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PTSD as a result of chronic interpersonal violence in early childhood; Imaginal Exposure vs Imagery Rescripting vs Body Focused Rescripting.


- candidate number14383
- NTR NumberNTR3872
- ISRCTNISRCTN wordt niet meer aangevraagd.
- Date ISRCTN created
- date ISRCTN requested
- Date Registered NTR13-feb-2013
- Secondary IDsNL42151.018.12 CCMO
- Public TitlePTSD as a result of chronic interpersonal violence in early childhood; Imaginal Exposure vs Imagery Rescripting vs Body Focused Rescripting.
- Scientific TitlePTSD as a result of chronic interpersonal violence in early childhood; Imaginal Exposure vs Imagery Rescripting vs Body Focused Rescripting.
- ACRONYMPTSD in early childhood
- hypothesisObjective of the study:
The research aims to 2 new forms of treatment for patients with comorbid PTSD as a result of multiple and repeated abuse in childhood to assess and compare Imaginary Exposure. The expectation is that these new forms of treatment will lead to a better end-state functioning, less dropout and a higher valuation for feasibility of therapists. The expectation is that Body Focused Rescripting superior to Imaginary Rescripting.

Hypotheses treatment study (1):
Effects 1. We expect treatment effects on the primary outcome measures in the ranking IE A. In Rescripting therapies is influenced not only the fear but also anger, guilt, shame and sadness;
B. Because context dependence is less (UCS revaluation);
C. Because active intervention is essential processes in development of PTSD, such as TI;
D. Body Focused Rescripting better effects than ImRes because ImRes will initially focus on the explicit memory, while patients with TI and dissociation possibly better results expected if one focuses on implicit memory. The context of the UCS / UCR would be better represented if the traumatic event is not in vitro (imaginary) but in vivo depicts. The newly learned response to the UCS representation is not directly aimed at expressing the blocked emotion (emotional processing), but had to be aware of sensoromotor components (sensorimotor processing) such as perception of sensory and physiological sensations of fixed action tendencies and defensive postures focus more on implicit than explicit memory (Ogden, Minton & Pain, 2006).
2. Dropout. We expect that the IE condition the dropout % higher than in the latter treatments because BFRes ImRes and less stress.
3. Preferences of therapists. It is expected that therapists 'new' treatments find more workable and less heavy for the patient seem to be. Hypothesized predictors of treatment success (2): There will be investigated predictors of treatment success. The hypotheses to be tested, we formulate based on the most recent empirical findings. If predictors are included: severity axis II (borderline symptoms and avoidant symptoms), TI (TI-self-report and TI as discrepancy between low physiological and subjective anxiety), dissociation, alcohol and drug use, severity of trauma, therapeutic relationship and HRV . We expect that patients with high TI and high dissociation score a better effect on the ImRes condition and even more in the BFRes condition than the IE condition. In the patients with a low dissociation TI and low score will be the difference between the conditions are less severe.

Generates motor (tonic) immobility post-traumatic complications? Serious sexual abuse involving penetration increases the likelihood of experiencing motor (tonic) immobility (Heidt et al., 2005)? Is motor (tonic) immobility one aspect of peritraumatic dissociation (Hagenaars, et al, 2009)? What correlation is there between motor (tonic) immobilititeit, peritraumatic dissociation, PTSD, anxiety and depressive (Heidt et al., 2005)?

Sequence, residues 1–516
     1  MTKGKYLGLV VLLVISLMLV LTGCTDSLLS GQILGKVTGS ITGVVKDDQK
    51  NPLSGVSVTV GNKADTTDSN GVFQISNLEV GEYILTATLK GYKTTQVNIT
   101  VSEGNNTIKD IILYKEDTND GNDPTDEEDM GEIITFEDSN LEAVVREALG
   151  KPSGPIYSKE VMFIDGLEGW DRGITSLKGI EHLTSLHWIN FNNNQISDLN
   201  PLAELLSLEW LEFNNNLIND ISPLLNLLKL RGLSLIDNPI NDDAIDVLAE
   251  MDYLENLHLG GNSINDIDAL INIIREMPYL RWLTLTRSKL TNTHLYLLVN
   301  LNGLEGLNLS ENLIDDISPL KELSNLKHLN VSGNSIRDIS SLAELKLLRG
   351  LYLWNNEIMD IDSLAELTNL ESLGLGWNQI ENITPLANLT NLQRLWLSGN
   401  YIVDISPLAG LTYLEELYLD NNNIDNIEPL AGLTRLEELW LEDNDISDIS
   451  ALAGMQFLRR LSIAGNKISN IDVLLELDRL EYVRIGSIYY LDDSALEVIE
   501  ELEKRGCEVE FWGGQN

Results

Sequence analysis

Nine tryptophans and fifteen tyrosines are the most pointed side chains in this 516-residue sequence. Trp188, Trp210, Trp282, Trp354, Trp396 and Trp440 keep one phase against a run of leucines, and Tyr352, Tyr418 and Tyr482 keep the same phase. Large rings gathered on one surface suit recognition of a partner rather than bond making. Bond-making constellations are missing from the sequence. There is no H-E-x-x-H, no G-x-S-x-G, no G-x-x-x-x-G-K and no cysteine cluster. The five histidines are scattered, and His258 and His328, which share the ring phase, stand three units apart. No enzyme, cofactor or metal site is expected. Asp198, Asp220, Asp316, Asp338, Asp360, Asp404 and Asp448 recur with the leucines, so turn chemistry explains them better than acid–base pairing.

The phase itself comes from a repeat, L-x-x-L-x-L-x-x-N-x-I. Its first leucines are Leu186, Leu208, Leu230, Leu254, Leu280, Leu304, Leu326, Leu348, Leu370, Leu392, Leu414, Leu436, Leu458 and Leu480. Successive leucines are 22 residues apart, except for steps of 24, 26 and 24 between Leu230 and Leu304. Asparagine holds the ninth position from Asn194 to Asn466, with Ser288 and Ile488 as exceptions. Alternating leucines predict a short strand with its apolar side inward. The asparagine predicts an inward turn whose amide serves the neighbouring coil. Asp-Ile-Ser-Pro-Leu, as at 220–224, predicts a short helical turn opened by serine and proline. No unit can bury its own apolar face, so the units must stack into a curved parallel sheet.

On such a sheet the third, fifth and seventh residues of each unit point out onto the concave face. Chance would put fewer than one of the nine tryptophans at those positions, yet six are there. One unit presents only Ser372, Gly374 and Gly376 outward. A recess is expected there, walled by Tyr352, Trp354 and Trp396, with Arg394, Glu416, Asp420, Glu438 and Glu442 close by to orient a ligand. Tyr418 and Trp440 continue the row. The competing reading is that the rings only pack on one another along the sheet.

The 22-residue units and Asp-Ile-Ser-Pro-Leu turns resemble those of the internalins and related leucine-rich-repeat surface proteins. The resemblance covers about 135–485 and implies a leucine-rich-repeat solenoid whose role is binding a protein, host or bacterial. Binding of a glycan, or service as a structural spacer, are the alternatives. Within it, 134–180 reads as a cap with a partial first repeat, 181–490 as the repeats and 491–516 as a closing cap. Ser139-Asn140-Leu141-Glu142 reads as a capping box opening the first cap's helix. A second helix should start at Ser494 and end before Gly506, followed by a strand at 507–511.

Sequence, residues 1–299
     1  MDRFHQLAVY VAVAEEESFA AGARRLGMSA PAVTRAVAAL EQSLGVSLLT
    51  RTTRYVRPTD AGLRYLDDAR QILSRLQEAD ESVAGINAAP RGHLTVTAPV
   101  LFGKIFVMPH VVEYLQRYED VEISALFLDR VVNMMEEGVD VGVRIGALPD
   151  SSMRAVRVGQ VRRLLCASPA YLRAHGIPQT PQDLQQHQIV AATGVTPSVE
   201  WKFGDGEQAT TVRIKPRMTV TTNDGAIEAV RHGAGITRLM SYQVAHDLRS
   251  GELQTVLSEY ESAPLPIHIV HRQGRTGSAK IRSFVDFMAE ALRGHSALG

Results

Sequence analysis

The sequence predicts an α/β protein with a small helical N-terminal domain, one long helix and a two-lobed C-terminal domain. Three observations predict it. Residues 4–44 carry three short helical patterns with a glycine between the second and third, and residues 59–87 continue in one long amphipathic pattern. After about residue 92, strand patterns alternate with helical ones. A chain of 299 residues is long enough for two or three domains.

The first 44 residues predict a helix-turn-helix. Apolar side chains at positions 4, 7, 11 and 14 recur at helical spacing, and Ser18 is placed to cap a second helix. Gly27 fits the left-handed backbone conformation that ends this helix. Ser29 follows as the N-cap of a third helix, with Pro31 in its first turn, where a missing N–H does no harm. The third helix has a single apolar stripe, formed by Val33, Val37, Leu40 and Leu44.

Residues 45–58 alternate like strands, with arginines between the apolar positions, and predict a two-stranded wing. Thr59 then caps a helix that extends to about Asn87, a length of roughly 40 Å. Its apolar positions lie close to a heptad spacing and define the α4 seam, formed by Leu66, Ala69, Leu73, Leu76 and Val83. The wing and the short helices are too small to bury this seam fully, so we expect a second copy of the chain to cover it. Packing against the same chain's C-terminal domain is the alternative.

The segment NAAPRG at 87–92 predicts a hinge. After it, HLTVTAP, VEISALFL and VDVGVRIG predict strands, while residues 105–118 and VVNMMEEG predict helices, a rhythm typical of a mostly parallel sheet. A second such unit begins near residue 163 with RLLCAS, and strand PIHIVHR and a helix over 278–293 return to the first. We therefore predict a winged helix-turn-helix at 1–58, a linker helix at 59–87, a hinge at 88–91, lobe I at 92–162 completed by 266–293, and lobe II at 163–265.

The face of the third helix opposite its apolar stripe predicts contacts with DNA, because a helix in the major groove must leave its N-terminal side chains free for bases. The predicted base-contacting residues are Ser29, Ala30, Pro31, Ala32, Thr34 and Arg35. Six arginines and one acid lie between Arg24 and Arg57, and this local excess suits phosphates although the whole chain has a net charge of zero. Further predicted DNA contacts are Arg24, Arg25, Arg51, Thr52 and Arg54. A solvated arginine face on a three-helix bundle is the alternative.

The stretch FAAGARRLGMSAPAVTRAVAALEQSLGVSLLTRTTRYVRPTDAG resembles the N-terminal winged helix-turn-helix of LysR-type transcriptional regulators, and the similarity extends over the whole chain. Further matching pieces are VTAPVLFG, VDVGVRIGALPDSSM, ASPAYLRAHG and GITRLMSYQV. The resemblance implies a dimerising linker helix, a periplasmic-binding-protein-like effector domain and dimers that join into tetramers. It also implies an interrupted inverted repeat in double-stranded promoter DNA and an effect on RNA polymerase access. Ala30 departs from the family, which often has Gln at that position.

- Healt Condition(s) or Problem(s) studiedPost-Traumatic Stress Disorder (PTSD)
- Inclusion criteriaPTSD patients from mainstream mental health. The sample consists of 156 patients with a primary diagnosis of PTSD and comorbid disorders reported to various treatment programs PsyQ Psychotrauma and Personality Problems The Hague, Rotterdam and Spijkenisse. The various Psychotrauma treatment programs are mainly patients with a primary diagnosis of PTSD, is also expected that around 50% of patients at intake to meet the inclusion criteria (total inflow Indoor 1, 5 years). Participants are victims of repeated or chronic interpersonal trauma in childhood (eg sexual or physical abuse) at an age younger than 16 years. Participants are 18 years or older.
- Exclusion criteria1. Psychiatric problems that may interfere with the study participation or that require more intensive care than can be offered in the present study , including dementia, psychotic symptoms, depression with suicidal ideation, full blown borderline personality disorder, substance dependence, dissociative identity disorder IV no fixed residence, major financial problems, no aid figure, problems with police and law, current abuse;
2. Current use of tranquillizers;
3. On as IV no fixed residence, major financial problems, no aid figure, problems with police and law, current abuse.
- mec approval receivedyes
- multicenter trialyes
- randomisedyes
- masking/blindingNone
- controlActive
- groupParallel
- Type2 or more arms, randomized
- Studytypeintervention
- planned startdate 1-mrt-2013
- planned closingdate1-okt-2015
- Target number of participants156
- InterventionsIn this study the effectiveness of three treatments for chronic PTSD after interpersonal trauma in childhood will be investigated, namely (1) imaginal exposure (IE), (2) Imaginary Rescripting (ImRes) and (3) Body Focused Rescripting (BFR es).

Study design:
This study is a multicenter randomized 3-group trial.
3 conditions: IE, ImRes, BFRes. The waiting period of 5 weeks of ring forms include the control group. Patients are randomized to 1 of 3 treatments assigned. Two sessions of 90 minutes per week for 6 weeks last 4 weeks 1 time per week. Total 16 seats plus homework 2 times per week (max. 1 hour).
Duration of treatment 11 weeks.
Homework: IE / ImRes / BF Res: listening to the tape of the session 2 times a week. Exposure in vivo is in all conditions outside the study protocol.
52 patients per condition.
Measurement 1 after inclusion, measuring 2 to start treatment after 5 weeks of Measurement 3, Measurement 4 after 10 weeks (termination therapy) and follow-up after 3 months (Measure 5) and 12 months (Measure 6).